Farmers growing biotech products including GM corn are also ‘rapidly losing valuable export markets’.(3) These economic losses can run into millions.

Japan has found the contaminated GM corn in its corn flour baking-mix from a manufacturer using raw corn imported from the US. Japan prohibits GM corn for both animal and human uses. Japan is the largest importer of corn in the world. The US supplies one third of its needs. Korea, also a significant importer of US corn, wants the US to pay for the cost of ensuring that the imports are GM free.



What is the obligation of the US for a private company within its territorial jurisdiction in respect of damage outside its borders?

At present there is no international liability regime for harm caused by genetically modified organisms. Nor is the US a party to the Convention on Biological Diversity (CBD) under which the Cartagena Protocol on Biosafety was concluded. The only recourse would be a claim under international customary law.

Under international customary law, the only obligation of the State will be one of ‘due diligence’. This requires the State to prevent conduct which if committed by the State would mean a breach of its international obligations. If the harm occurs, then it has an international obligation to take effective punitive action against the offenders.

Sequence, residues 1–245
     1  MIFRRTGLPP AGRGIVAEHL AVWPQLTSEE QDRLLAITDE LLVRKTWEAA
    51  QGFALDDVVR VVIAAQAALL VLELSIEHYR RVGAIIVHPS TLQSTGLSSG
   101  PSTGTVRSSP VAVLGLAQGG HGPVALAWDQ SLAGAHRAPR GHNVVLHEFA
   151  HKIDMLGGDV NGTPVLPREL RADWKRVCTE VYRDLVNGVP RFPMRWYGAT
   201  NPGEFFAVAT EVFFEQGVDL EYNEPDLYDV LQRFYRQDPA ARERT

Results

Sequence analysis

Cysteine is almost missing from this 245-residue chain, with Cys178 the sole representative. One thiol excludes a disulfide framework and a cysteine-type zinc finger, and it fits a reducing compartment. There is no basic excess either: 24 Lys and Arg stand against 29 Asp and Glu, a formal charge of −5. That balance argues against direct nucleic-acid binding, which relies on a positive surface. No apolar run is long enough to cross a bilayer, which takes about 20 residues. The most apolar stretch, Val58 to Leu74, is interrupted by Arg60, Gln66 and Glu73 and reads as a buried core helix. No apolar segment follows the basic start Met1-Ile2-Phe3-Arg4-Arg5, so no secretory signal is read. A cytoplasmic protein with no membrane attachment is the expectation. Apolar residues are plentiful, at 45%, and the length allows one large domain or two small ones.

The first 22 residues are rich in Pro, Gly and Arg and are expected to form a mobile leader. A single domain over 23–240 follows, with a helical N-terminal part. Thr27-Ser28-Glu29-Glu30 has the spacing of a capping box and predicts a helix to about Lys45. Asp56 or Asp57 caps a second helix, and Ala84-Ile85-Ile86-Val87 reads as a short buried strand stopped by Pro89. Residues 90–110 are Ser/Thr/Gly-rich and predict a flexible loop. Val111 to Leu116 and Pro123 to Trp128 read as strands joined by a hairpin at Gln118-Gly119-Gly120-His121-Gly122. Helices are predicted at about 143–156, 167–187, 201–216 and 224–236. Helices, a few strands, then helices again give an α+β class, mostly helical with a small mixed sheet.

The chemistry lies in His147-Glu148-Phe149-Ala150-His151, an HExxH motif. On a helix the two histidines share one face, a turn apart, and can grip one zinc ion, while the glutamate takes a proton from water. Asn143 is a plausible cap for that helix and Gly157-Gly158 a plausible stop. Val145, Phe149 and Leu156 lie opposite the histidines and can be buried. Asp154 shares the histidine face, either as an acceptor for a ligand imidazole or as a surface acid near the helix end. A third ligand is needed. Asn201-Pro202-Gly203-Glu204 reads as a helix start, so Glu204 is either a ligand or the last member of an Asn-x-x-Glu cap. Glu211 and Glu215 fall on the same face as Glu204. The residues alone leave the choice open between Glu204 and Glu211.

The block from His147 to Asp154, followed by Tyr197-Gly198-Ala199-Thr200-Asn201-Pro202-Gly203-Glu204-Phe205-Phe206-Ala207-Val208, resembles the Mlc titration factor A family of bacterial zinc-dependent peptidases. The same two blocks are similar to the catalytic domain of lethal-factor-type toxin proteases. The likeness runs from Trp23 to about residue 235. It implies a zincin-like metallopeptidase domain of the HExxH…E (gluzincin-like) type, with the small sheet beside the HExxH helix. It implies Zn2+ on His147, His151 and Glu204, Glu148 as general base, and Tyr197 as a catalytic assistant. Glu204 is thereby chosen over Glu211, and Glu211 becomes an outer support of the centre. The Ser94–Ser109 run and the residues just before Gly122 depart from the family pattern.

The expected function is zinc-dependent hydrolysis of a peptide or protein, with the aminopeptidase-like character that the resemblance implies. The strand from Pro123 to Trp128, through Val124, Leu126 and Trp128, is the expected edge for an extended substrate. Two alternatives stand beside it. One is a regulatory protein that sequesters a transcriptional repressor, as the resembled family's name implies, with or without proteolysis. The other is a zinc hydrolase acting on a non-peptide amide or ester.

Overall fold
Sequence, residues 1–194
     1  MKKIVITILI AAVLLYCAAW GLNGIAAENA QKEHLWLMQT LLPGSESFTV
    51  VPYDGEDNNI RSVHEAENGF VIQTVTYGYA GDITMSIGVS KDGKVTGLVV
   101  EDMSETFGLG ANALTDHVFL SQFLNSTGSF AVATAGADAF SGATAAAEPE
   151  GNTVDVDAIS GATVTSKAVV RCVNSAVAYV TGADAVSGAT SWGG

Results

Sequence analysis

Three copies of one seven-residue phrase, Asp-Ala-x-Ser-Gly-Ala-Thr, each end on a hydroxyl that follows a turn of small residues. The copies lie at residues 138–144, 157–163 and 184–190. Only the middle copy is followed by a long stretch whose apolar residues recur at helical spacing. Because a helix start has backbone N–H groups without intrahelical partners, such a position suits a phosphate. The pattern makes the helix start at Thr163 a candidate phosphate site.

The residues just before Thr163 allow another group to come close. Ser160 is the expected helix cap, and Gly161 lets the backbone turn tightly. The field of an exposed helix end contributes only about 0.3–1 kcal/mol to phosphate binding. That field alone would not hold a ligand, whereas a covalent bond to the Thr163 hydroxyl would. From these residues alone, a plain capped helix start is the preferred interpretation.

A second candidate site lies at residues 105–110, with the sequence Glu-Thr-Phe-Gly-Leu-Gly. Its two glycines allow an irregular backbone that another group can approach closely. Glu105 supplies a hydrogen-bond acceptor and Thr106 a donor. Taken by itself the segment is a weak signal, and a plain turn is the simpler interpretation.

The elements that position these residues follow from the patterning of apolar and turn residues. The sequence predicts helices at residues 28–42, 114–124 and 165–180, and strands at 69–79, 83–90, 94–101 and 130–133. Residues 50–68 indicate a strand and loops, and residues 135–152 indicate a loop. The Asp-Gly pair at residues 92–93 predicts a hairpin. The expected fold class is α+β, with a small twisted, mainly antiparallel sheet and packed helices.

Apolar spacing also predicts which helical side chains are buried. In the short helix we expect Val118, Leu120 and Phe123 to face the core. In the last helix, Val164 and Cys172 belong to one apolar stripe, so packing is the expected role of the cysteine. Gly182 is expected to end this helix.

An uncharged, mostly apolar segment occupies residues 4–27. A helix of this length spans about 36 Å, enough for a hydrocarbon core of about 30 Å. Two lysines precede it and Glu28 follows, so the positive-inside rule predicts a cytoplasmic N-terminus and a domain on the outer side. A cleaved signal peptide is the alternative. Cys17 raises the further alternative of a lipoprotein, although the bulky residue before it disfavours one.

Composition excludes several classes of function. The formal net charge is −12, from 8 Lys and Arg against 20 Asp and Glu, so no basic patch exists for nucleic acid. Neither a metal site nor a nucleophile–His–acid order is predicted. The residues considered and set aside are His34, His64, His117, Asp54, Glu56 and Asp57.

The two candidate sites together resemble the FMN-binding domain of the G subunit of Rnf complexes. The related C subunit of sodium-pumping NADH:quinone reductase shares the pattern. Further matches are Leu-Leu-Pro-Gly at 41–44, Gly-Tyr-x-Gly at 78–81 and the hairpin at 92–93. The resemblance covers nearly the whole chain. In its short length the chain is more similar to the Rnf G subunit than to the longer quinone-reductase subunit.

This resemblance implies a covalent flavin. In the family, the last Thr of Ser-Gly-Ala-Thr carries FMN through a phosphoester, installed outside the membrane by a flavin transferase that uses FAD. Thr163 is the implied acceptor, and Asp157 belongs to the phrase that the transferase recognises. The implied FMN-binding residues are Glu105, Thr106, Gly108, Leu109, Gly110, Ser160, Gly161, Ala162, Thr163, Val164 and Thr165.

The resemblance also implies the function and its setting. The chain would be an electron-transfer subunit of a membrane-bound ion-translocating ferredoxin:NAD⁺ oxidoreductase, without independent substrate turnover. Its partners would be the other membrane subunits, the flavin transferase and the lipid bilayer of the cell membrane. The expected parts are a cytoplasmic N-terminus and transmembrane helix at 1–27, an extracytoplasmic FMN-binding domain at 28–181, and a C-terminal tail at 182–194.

In respect of the StarLink, the US could be said to have violated its international obligation of due diligence if it can be shown that:

* The US should not have allowed the limited registration, that is, approval for feed and not for food. Stewart Reeve of the National Corn growers Association of the USA has said that the EPA should never have given this approval. ‘It should have gotten food and feed approval at the same time – or not.’
* The US took no effective measures to ensure that the developer of the GM corn labelled the corn so as to distinguish between the corn for animal feed/ industrial purposes, and, the corn for human consumption.
* The US took no effective measures to prevent the GM corn from being exported.
* The US took no measures to ensure that adequate measures were in place (example, monitoring) to prevent the GM corn from entering the food chain.
* And that it was feasible for the US to have taken the above effective measures, assessed in the light of its capacity and its practices.
* If the conduct falls below an international minimum level, then responsibility will attach in any event.

In addition, once the US knew that StarLink GM corn had entered the food chain especially of countries overseas, it was clear that the producer and registrant of the corn was in violation of the conditions imposed by the EPA. The US was obliged by the other limb of the ‘due diligence’ obligation to punish the offender and, perhaps as well, require the offender to make reparation to aggrieved parties.